"It is a national framework, yet it is flexible enough to apply to threats made against a city, a state, a sector, or an industry," said Ridge, speaking from DAR Constitution Hall in Washington. Ridge said the system provides a "common vocabulary" so officials from all levels of government can easily communicate.
The system was developed after the Sept. 11 terrorist attacks in response to criticisms that repeated terror alerts from federal authorities were too broad and non-specific and did not give a clear assessment of the threat level faced by the nation. Ridge said it provides clear, easy-to-understand factors that help measure the threat.
"For every level of threat, there will be a level of preparedness," Ridge said. "It is a system that is equal to the threat."
Attorney General John Ashcroft would be responsible for implementing and managing the Homeland Security Advisory System, which is subject to a 45-day comment period for input by law enforcement agencies. After the required time, Ashcroft and Ridge will present a finalized plan to President George W. Bush for approval.
The decision to name a threat condition will rest with Ashcroft, Ridge said, after consulting with members of the Homeland Security Council. Ashcroft will be charged with communicating the threat to law enforcement, state and local officials and the public.
White House Press Secretary Ari Fleischer told reporters the system was designed in consultation with state and local officials, as well as federal authorities in an effort to bring coordination to combating terrorist threats.
The levels of threat detailed under the Homeland Security Advisory System are:
* Green, or low condition, signifies the lowest risk of terrorist attack. Authorities would regularly assess facilities for vulnerabilities and taking measures to reduce them.
* Blue, or guarded condition, signifies a general risk of terrorist attack. Authorities would check communications with designated emergency response or command locations, view and update emergency response or command procedures and provide the public with necessary information.
* Yellow, or elevated condition, indicates a significant risk of terrorist attack. Authorities would increase surveillance of critical locations, coordinate emergency plans with nearby jurisdictions and implement, as appropriate, emergency response plans.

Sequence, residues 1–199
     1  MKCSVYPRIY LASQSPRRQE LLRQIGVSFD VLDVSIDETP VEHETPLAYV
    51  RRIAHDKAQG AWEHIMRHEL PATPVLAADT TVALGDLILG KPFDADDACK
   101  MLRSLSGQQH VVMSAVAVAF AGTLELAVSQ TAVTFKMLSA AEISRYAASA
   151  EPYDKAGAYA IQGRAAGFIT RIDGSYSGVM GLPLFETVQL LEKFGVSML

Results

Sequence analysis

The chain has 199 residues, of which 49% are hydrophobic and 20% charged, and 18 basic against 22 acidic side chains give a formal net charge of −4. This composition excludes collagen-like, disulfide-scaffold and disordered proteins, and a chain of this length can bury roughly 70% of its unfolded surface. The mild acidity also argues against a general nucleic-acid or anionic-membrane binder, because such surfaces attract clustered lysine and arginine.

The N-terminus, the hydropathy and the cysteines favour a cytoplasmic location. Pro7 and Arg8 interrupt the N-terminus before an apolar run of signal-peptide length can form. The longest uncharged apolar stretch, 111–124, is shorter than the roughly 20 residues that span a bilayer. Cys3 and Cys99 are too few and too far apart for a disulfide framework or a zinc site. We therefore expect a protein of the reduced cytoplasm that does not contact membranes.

* Orange, or high condition, indicates a high risk of terrorist attack. The federal government would take additional precautions at public events, coordinate security with armed forces or law enforcement agencies and prepare to work at an alternate site or with a dispersed workforce, restricting access to essential personnel only.
* Red, or severe condition indicates the highest state of alert. In addition to other protective measures, government officials would assign emergency response personnel and pre-position specially trained teams; monitor, redirect or constrain transportation systems; close public and government facilities and increase or redirect personnel to address critical emergency needs.
The nation is currently under a yellow alert, officials said.
"Chances are, we will not be able to lower the condition to green until, as the president said yesterday, that terror networks of global reach have been defeated and dismantled. We are far from being able to predict that day," Ridge said.
Ridge's office last issued an alert in December, stating an attack against the United States and American interests abroad could be imminent. Ridge described that alert and two others issued in October as based on information gathered by the intelligence community and characterized as an increased volume of threats that were "above the norm" and that "reached a threshold" where it was necessary to place the American public on general alert.
The U.S. Conference of Mayors, which had criticized the administration for threat alerts that were too vague, asked Ridge to provide local officials with more information about threats and clearer signals about the level of threats they were facing. New Orleans Mayor Marc Morial, leader of the U.S Conference of Mayors, said his group received a preview of the threat alert system last week. The conference plans to submit a detailed response to Ridge's office.
Mayor Pat McCrory, of Charlotte, N.C., called the alert system a "positive step" that will allow local officials to determine the best use of their resources. Charlotte is home to 560,000 people and is the second-largest finance center in the country. It also boasts a 60-story building and a numerous other high-rise structures. And two nuclear plants are located within 10 miles of the city limits, McCrory said.
"Before all the alerts were equal. Now that all alerts have a different response, it helps us to determine what to communicate to our citizen," McCrory said.
He said some citizens were uncertain whether to go to work or travel despite the president's entreaties to carry on with a normal life. He stressed that officials did not want to get into a "cry-wolf" situation where alerts came regularly but nothing happened.
Industry leaders representing have large plants and facilities key to the nation's infrastructure also praised the alert system. The American Petroleum Institute called it a "sensible, common-sense approach to making sure Americans were quickly informed of terrorist threats.
"It will permit oil and natural gas facilities to have a simple and uniform way of knowing how to evaluate any report of a threat to their facilities and the surrounding communities," the API said in a released statement.
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